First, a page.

In the event of a Hung Parliament, there is no winning Party so the Governor General will, at his sole discretion, invite the Leader of one of the Parties to form a Government. He is not required to invite the leader of the Party that won the most seats.

This right was affirmed when a Hung Parliament occurred in 2013. The Liberals had won one more seat than the ALP, but the Governor General invited Julia Gillard to form a Government because the Independents and small Parties advised him that they would support her, not Tony Abbott.

So, what will happen if there is a Hung Parliament after Election2022?

We must at this point note that the Constitution does not recognise Political Parties in any shape or form. They simply do not exist. They are a political contrivance of the Members of Parliament.

In choosing a Prime Minister, the Governor General can only deal with persons elected to the House of Representatives and is not required to choose the Leader of any Party. He is required to choose someone whom he believes can form a government and give that person a fixed number of days to do so. If that person fails to get a governing team together, he invites someone else.

At this point, the Independents have a key role. The Governor General will ask them who they will support as Prime Minister. They can choose anyone whom they wish from the members of the House of Representatives.

It is highly unlikely that they will choose either Morrison or Albanese as both will, at that point of time, be regarded as losers.

My gut feeling is that they will recommend either Jim Chalmers or Tanya Plibersek from ALP or Josh Frydenberg from LNP.

Whoever is commissioned as Prime Minister by the Governor General will have to win a confidence vote in the House of Representatives before he or she can begin to govern. If that fails, the Governor General will start the process all over again. But this wont happen as the newly Independents will be keen to show their worth to the nation.

Then Australia will enjoy enlightened government for the first time in a long time. Every Bill will be debated and upgraded before it passes Parliament. This will represent democracy in the manner in which it was originally intended..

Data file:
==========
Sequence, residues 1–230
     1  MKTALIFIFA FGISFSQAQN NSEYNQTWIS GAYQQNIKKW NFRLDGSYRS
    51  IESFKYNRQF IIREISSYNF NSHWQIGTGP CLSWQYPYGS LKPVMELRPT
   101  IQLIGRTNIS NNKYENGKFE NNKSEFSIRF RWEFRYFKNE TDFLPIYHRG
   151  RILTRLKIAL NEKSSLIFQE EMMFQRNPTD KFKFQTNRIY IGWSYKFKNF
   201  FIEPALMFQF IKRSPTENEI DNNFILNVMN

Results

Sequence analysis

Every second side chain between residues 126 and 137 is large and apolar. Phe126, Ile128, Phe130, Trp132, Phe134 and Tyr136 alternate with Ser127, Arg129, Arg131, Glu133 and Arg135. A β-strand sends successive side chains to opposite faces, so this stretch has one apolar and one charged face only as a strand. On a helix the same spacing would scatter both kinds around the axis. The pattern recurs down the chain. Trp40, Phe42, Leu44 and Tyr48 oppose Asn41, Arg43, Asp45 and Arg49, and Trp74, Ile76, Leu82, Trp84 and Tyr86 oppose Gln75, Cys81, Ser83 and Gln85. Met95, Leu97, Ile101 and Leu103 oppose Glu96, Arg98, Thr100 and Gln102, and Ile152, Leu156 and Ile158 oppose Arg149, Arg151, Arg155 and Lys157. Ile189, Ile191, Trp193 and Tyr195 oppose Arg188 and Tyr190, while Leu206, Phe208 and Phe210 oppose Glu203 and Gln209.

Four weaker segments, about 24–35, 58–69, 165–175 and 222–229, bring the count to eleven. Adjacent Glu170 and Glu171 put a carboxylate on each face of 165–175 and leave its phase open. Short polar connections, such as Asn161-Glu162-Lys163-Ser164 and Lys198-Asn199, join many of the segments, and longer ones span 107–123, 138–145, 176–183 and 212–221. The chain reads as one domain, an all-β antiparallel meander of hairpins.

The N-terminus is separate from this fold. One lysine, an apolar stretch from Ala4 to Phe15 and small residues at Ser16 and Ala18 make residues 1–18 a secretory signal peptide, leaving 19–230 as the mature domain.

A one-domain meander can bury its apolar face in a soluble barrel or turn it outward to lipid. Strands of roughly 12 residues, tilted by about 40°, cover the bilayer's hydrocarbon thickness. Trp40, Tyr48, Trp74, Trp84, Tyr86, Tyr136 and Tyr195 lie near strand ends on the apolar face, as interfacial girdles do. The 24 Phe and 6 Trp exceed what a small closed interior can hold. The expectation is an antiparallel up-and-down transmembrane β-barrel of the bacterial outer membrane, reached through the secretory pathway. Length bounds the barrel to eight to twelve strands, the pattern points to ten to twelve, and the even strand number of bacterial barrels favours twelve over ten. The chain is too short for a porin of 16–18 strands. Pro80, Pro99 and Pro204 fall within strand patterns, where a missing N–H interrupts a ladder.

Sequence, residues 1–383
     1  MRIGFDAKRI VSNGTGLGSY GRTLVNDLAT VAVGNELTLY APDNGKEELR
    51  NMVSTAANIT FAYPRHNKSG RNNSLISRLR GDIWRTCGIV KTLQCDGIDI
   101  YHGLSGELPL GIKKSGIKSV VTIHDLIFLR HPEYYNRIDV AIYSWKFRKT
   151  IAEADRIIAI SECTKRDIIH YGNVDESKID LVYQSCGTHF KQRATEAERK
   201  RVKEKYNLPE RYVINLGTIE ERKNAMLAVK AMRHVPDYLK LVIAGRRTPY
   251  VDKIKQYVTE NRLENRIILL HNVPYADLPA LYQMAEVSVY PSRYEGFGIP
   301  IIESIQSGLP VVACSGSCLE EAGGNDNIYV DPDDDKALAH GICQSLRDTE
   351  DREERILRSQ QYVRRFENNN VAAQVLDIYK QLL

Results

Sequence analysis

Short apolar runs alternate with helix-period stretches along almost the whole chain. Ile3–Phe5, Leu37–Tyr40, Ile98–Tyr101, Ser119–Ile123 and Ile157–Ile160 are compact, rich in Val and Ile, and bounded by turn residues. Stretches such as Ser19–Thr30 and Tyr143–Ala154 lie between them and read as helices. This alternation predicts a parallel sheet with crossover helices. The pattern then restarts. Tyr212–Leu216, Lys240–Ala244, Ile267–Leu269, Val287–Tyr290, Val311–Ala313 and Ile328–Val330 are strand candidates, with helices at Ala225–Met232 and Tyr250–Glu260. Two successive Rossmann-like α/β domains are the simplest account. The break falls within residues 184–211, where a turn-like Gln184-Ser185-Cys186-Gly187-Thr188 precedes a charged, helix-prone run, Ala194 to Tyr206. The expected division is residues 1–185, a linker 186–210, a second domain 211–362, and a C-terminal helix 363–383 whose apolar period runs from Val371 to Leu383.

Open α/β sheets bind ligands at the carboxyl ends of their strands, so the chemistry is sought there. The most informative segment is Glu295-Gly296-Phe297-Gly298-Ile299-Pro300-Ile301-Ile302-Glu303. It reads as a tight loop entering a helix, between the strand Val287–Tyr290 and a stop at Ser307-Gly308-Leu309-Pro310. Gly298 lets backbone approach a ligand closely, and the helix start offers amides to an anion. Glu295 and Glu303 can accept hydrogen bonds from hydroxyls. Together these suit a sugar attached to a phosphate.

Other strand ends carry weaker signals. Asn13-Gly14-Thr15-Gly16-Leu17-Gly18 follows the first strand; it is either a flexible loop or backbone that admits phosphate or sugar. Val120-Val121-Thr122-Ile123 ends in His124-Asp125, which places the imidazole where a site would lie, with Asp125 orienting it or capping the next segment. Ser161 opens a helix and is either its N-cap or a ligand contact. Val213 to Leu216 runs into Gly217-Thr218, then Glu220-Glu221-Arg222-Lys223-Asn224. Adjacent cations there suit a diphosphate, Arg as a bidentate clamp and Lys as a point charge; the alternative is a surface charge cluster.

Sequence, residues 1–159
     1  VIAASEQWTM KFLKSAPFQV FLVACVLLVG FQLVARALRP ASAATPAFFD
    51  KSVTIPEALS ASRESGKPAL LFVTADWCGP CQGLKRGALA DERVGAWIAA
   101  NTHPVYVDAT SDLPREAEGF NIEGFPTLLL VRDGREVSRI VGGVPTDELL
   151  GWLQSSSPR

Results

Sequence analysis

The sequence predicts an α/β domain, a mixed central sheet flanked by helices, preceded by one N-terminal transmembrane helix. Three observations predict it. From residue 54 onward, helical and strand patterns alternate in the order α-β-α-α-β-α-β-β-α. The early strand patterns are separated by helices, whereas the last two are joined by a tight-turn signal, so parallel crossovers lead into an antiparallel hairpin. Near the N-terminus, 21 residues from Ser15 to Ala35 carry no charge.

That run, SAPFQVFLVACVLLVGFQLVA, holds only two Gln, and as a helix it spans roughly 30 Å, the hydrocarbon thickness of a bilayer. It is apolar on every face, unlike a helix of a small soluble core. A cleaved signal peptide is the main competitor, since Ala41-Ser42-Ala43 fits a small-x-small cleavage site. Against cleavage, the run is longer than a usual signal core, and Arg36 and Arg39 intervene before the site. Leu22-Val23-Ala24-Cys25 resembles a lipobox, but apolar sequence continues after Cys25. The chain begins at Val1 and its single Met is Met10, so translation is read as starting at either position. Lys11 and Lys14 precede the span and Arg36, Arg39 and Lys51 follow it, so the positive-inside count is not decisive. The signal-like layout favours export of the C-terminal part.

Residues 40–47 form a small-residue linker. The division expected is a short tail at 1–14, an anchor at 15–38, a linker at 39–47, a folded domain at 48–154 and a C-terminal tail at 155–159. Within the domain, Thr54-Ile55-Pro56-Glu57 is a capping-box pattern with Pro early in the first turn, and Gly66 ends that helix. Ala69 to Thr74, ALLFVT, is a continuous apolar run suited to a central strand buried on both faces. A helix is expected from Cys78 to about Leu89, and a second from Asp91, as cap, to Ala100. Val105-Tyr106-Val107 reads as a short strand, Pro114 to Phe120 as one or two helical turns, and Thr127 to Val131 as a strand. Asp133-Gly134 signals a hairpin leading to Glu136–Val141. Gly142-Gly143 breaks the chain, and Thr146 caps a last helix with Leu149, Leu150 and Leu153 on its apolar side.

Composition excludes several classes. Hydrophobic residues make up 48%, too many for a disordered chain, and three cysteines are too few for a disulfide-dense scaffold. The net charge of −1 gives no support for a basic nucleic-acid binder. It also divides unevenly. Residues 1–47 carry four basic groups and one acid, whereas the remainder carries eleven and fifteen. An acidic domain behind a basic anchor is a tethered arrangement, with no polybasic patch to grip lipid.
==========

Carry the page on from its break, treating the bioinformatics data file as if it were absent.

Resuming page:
If this scenario concerns you, just study the first ten years of government after Federation began in 1901. There was no majority government during that time, yet profound legislation was passed and some, like the age pension, survive to this day.

To ensure that this works well, make sure you vote for the best person on the ballot paper, not a political party. If the best person happens to be the endorsed candidate of a political party, that is good. We want a Parliament of quality parliamentarians, not political hacks.

The vital issue is that, when Parliament has to seriously negotiate every piece of legislation, it provides an opportunity for voters to convey their views to local members as they know that the MP will not be obliged to follow their Party line. It will constantly enhance democracy.

So if you are someone who has voted for the same political party all your life, please change that dreadful habit as it conveys to everyone in your family and social circle that you have a closed mind. You are really not that sort of person.

Yours in the quest for good government.

Everald

CONTINUING THE WORK OF THE FOUNDING FATHERS

HELP SEND THREE PETITIONS TO THE AUSTRALIAN PARLIAMENT

Many of my Facebook friends have read my book DINNER WITH THE FOUNDING FATHERS and have expressed interest in helping to upgrade the work of the Founders of our nation by advocating constitutional changes that modern Australia needs 120 years later.

If you have not yet read my book, I invite you to do so and then consider offering your help also.

I reckon that we can only get three changes through at a Referendum at any one time.

So, here are three for your consideration, outlined in the form with which they can be presented to Parliament.

Continue reading “CONTINUING THE WORK OF THE FOUNDING FATHERS”

TOWNS DIE, CITIES CHOKE, AUSTRALIA SLEEPS

I was born and bred in the Australian bush.

There, I went to a tiny bush school which had eleven students whose parents worked in the local timber mill. I enjoyed many happy days in a prosperous little community that really was one large family.

Back in those days of the 1930’s and 40’s, Australia had thousands of small towns, most of them larger than mine, which were stable and secure with affordable housing, plus good shops and a fine school and reliable hospital, based as they were on solid rural industries which were the core of the national economy.

Then, they slowly began to die. Continue reading “TOWNS DIE, CITIES CHOKE, AUSTRALIA SLEEPS”

VALE LIBERALS FOREVER

For 75 years, the Liberal Party of Australia has been a respected and enduring institution of our nation which will be remembered kindly for many notable achievements.

However, it is breathing its last and rigor mortis will set in very quickly and permanently.

Its record over the past few years has been so lamentable that few will weep.

The death spiral began when Fraser illegally removed Whitlam in 1975, then governed with such a guilty conscience that he will be remembered as a very dismal Prime Minister.